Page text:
Spiritual Disciplines for the Christian Life

Spiritual Disciplines for the Christian Life, Donald S. Whitney, Carol Stream, IL:  NAVPRESS, 2014.  Paperback, 304 pp.

The theme for this book on spiritual discipline is scriptural: “Exercise [or discipline] thyself…unto godliness” (I Timothy 4:7). But when we hear of a book with a title such as this, the temptation might be to dismiss the work completely. Are we not saved by grace? Why should I read a 300+ page list of prescribed activities I must participate in to apparently assure myself that I am “spiritual” or even that I am a Christian?

Though there are times where Whitney’s Southern Baptist background of experience and Puritanism are quite apparent, the work as a whole is written from the understanding that “we stand before God only in the righteousness that’s been earned by another, Jesus Christ” (3). The book does not stem from an attitude of legalism or a goal of putting restrictions on readers. Further, Whitney writes that it is only because of the presence of the Holy Spirit in our hearts that we now have “holy hungers” that we did not have prior to Christ earning us righteousness; the Spirit makes godliness our purpose (3). Whitney contends that God outlines disciplines for us in Scripture so that we might pursue holiness, grow spiritually, and become more like Christ; or to put it another way, that we discipline ourselves unto godliness (4).

As stated above, Whitney maintains throughout the book that the reason we must practice each discipline is for the purpose of godliness. In fact, each chapter that covers one of the disciplines is the name of the discipline (e.g., “Prayer”) followed by the phrase “For the Purpose of Godliness”; further, each discipline is introduced with an explanation as to why our practice of it must be for this purpose. For example, we serve others for the purpose of godliness lest we begin to serve only “occasionally or when it’s convenient or self-serving” (144).

Whitney recognizes that our natural tendency as readers is to read about each discipline, agree that the practice is important—and even admit that it’s something we should begin to practice or practice more often—but never change our habits to include regular attention to the discipline in our life. Therefore, he ends each chapter with several pointed questions that ask us whether we will adopt the discipline and whether we will become more faithful in our observance of it. So, for example, he asks at the end of the chapter on silence and solitude whether we will seek daily times of it (244). And anticipating our claim to practice the discipline when we “have time,” he asks: “Will you start now?” (246).

The first edition of this book was released in 1991. The revised and updated version which I reviewed was released in 2014. It would be interesting to compare the books to see how much Whitney updated the text. While I hesitate to call the revised edition dated, I do think Whitney’s increased years may have contributed to a somewhat cursory treatment throughout the book of the current challenges (temptations) that keep readers from becoming spiritually disciplined.[1]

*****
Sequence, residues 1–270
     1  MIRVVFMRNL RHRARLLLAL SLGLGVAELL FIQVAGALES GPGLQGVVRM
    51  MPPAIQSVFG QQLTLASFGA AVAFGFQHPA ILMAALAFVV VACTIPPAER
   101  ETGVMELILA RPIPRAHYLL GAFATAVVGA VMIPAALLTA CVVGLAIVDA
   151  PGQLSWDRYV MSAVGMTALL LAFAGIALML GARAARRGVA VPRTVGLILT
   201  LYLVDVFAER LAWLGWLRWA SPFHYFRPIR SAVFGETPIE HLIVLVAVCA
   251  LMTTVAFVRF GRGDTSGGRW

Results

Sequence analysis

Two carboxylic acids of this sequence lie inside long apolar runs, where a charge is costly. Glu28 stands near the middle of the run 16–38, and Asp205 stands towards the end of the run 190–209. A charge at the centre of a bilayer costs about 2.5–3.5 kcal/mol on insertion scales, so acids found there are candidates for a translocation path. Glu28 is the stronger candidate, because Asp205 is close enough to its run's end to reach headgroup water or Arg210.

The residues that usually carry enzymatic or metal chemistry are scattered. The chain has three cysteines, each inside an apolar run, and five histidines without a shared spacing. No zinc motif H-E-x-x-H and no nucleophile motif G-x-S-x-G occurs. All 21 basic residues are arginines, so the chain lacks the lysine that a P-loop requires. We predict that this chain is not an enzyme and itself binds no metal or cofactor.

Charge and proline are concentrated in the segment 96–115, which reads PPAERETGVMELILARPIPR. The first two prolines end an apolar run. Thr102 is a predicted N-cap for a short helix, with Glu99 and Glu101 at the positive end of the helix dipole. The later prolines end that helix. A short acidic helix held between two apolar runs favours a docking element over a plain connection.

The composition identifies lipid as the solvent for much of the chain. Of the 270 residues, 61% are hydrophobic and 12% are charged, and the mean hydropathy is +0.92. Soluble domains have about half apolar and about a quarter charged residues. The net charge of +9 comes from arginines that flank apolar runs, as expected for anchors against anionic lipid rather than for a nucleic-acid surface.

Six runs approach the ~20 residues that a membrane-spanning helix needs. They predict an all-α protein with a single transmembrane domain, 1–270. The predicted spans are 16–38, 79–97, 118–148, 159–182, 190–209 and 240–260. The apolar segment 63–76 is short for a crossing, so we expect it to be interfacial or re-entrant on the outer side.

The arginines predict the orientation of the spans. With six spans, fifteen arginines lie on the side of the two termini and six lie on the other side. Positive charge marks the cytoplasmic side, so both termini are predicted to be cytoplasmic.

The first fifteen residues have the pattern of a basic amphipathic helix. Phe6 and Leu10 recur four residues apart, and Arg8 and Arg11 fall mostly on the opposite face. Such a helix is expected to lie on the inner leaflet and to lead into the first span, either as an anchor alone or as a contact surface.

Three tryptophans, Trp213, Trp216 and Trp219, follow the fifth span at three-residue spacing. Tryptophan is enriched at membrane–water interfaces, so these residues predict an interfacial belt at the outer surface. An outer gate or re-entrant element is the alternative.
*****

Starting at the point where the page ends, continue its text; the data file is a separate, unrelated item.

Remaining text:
Another critique I have for this book is that it reflects Whitney’s Puritan leanings. I use the example of the discipline of stewardship: while a call for stewardship, especially of one’s time, is welcome in a blatantly self-serving society, I was disappointed that Whitney’s overall point appeared to be that we must use the time God gives us now because we are running out of time, and that we must “come to Christ while [we] still can,” (167). There is no assurance in that attitude. A better motivation for the disciplined life can be found in Rev. Barnhill’s blog series and which Whitney faithfully states in other parts of the book: as adopted children of God, we want to grow in our discipline (commitment) to serving God because we desire God’s glory and our own growth in holiness.

Despite some shortcomings that I found in this text, I would recommend Spiritual Disciplines for the Christian Life to Beacon Lights readers. This book is not targeted at a specific age level, but we as young people and young adults need to hear the message of this book. We are not a disciplined generation. By nature we are not interested in Whitney’s prescribed “workout” as J.I. Packer puts it in his foreword to this book (x). But we should be. As those redeemed with the precious blood of Christ, we are called to be holy even as God is holy (I Peter 1:16, 18-19). When we are disciplined we live more holily, and when we live holily, we “become the more earnest in seeking the remission of sin, and righteousness in Christ, [and we] constantly endeavor and pray to God for the grace of the Holy Spirit, that we may become more and more conformable to the image of God, till we arrive at the perfection proposed to us in a life to come” (Heidelberg Catechism Q&A 115).